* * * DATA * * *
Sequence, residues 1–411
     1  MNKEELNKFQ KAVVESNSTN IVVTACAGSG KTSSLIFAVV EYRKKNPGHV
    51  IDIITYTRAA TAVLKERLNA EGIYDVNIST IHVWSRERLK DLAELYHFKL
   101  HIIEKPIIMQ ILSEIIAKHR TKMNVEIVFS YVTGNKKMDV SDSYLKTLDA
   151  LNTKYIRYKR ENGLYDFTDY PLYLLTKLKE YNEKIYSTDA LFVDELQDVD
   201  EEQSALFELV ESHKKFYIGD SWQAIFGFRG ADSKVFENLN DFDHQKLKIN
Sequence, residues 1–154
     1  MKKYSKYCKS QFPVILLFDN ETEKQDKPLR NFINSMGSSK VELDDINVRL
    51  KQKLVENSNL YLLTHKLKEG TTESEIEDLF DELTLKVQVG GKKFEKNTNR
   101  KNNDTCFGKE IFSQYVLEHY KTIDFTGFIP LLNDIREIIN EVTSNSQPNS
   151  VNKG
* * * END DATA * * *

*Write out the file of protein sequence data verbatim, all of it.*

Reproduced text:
Sequence, residues 1–411
     1  MNKEELNKFQ KAVVESNSTN IVVTACAGSG KTSSLIFAVV EYRKKNPGHV
    51  IDIITYTRAA TAVLKERLNA EGIYDVNIST IHVWSRERLK DLAELYHFKL
   101  HIIEKPIIMQ ILSEIIAKHR TKMNVEIVFS YVTGNKKMDV SDSYLKTLDA
   151  LNTKYIRYKR ENGLYDFTDY PLYLLTKLKE YNEKIYSTDA LFVDELQDVD
   201  EEQSALFELV ESHKKFYIGD SWQAIFGFRG ADSKVFENLN DFDHQKLKIN
Sequence, residues 1–154
     1  MKKYSKYCKS QFPVILLFDN ETEKQDKPLR NFINSMGSSK VELDDINVRL
    51  KQKLVENSNL YLLTHKLKEG TTESEIEDLF DELTLKVQVG GKKFEKNTNR
   101  KNNDTCFGKE IFSQYVLEHY KTIDFTGFIP LLNDIREIIN EVTSNSQPNS
   151  VNKG